Is there a safe online place? No. But if you’d like to have a way of sharing your children’s photos, why don’t you simply email a few to grandparents, aunts & uncles, or friends? Or better yet, mail a few prints to them. Consider avoiding these sites altogether and burn photos to CD and mail it to family & friends. If you really, really want to have an online spot for your child’s photos there are places that are less dense in terms of numbers and that require password protection. That is likely what I would suggest as an alternative to the public photo sharing sites. For anyone who has a Mac for instance, you can use the online gallery (MobileMe) with the password protection turned on (again, don’t tag them) and make the url available only to grandparents, relatives, and close friends. Also, change that password from time to time; don’t use the same one all the time. Password protection is a help but it definitely is NOT foolproof either. If you don’t have a Mac then seek out a place where you at least have the password protection for people to view the photos such as FamiPix, but there are others out there. (By the way my personal view is that I am adamantly against the use of Facebook for photos of any kind. But that’s a long topic all by itself.)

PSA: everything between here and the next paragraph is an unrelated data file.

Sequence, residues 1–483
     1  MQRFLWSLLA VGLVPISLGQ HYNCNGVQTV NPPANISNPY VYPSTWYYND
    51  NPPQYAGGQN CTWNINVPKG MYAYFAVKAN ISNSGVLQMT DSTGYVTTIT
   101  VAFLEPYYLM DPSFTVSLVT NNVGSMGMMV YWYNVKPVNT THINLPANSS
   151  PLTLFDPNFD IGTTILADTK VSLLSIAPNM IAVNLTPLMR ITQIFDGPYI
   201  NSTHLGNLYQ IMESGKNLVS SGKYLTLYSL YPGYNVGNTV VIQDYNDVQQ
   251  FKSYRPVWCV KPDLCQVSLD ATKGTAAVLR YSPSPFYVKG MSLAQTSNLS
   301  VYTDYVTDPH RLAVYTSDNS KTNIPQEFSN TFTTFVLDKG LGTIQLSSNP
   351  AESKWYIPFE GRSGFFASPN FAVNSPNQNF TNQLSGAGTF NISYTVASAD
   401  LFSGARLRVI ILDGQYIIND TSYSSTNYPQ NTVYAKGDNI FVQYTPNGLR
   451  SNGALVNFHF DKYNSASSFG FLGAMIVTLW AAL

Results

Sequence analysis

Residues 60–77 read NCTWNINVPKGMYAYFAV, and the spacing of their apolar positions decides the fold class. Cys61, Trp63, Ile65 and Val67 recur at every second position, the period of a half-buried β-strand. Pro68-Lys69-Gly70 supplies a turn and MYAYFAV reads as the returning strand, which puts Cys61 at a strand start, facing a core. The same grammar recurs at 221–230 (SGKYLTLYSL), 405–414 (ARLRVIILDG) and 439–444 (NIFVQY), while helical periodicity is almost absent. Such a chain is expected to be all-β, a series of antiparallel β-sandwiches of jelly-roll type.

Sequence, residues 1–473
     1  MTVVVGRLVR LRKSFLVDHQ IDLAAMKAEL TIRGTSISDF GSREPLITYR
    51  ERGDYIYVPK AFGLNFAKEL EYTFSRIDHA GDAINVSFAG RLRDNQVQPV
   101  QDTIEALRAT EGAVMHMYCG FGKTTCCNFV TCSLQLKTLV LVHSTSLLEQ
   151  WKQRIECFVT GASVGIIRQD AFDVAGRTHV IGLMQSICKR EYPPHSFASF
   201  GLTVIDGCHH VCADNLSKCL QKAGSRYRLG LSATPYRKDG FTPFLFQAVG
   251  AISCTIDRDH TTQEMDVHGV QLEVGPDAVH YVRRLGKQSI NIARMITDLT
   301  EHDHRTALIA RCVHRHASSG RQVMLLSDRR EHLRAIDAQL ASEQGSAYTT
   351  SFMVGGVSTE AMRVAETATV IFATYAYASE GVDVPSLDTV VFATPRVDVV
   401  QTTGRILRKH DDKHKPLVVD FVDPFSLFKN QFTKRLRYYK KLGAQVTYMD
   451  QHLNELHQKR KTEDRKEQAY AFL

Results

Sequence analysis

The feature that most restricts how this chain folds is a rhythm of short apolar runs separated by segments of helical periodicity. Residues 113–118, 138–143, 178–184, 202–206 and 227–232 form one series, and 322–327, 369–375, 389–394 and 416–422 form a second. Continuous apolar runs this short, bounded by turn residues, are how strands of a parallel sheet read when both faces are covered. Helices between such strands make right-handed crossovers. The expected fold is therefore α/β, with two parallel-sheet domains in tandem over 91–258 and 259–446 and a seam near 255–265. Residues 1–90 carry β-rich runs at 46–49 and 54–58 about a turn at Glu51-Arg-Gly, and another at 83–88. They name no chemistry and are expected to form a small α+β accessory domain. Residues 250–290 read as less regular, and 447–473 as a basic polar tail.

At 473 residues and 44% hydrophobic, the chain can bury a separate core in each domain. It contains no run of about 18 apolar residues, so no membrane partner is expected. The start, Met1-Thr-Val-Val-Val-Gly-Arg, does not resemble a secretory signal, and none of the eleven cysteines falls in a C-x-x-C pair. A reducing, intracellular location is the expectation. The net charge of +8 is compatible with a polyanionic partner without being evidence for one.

One quick note about blogs. If you post photos of your children on your blog, be sure you are (daily) checking your comments and those who are linking to you. Get savvy in realizing that many of these creeps attach themselves to blogs by saying things like “Love your site” “what great information” “I’ll come back” and other smarmy, flattering things. Many are spelled incorrectly, some aren’t using proper English (though some do), many use women’s names (that are surely false btw), but they are a bad kind of spam. Many of them are ‘feeder’ blogs (linking to you and linking to ___ ). Get rid of them! I have visited some of your blogs and have seen these in your comments; I’ve even given a hint in my comments, so hope the hint was caught. Be careful because this sort of spam is for sites that don’t respect children, if you understand what I mean. Don’t be flattered — that’s what they are counting on; check them out, thoroughly.